100 Ways to Use Beer in Food and Drinks #12: Steak

BEEF, it’s what’s for dinner (and beer). Really, you can’t go wrong with beef and beer (unless you’re one of those stuck-up vegetarians…no offense of course). At first I was thinking I’d just soak a nice cut of steak in some stout, maybe crust it with espresso, and call it a day. Then, the genius of my other half suggested shishkabobs.

With the sweltering heat after a day at the beach, it was the perfect time to grill up some raw meat, veggies and shrimp. I don’t believe in segregation, so I’m all for including the shrimpies with the beef. But before I get ahead of myself—onto the beer potion.

We decided on some homemade teriyaki sauce. Teriyaki sauce is one of those things that should be sweet and tangy with just a hint of a bite to it. Turns out,  finishing the sauce with a good brew gives it a complementary tang.  When used as a glaze or dipping sauce, you can actually taste the beer as an end note of this beefy chef-d’oeuvre.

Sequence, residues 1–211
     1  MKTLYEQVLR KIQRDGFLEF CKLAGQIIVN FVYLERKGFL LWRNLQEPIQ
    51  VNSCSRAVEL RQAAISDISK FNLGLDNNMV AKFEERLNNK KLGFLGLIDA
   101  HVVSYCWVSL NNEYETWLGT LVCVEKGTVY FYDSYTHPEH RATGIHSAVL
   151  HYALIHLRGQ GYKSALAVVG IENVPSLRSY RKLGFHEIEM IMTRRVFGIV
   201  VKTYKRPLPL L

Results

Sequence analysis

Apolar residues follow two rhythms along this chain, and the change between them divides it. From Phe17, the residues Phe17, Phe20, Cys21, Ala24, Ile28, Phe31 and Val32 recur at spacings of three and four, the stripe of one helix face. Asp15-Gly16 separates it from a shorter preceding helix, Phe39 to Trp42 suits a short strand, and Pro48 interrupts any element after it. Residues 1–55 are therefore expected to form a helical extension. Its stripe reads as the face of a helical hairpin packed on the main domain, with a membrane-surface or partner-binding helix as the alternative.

We used it as a marinade and let the steak bathe in the sauce for a long time before finally grilling it. We also marinated the shrimp in it, which was equally titillating. Brushing some veggies (and pineapple) with the sauce when it hit the grill gave them a little extra sizzling flavor too. Finally, I made corn roasted on the grill, in husks—the only way to truly have corn on the cob. It’s a great recipe for a summer day to impress your friends. You’re welcome.

Beer Infused Teriyaki Sauce

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Revenge Served Cold: Nettle Pesto

Growing up in England nettles were a large part of my childhood, whether I liked it or not — and I generally didn’t. This wretched plant caused many a tear in my household, its stinging leaves leaving immense pain that lasted for hours, with little sympathy from my parents as I was usually up to no good in the garden or local park, causing said sting.

When I saw nettles at the local farmers’ market here in D.C., I jumped at the chance to fight back, to serve justice to this leafy plant once and for all. There’s very little you can actually do with nettles, the most obvious was soup, but in these late spring months it seemed a tad too warm for that. I settled on pesto, a simple and versatile sauce that I could use in many dishes.

We’ve cooked basil brownies and avocado milkshakes, now it’s time for the nettle pesto.


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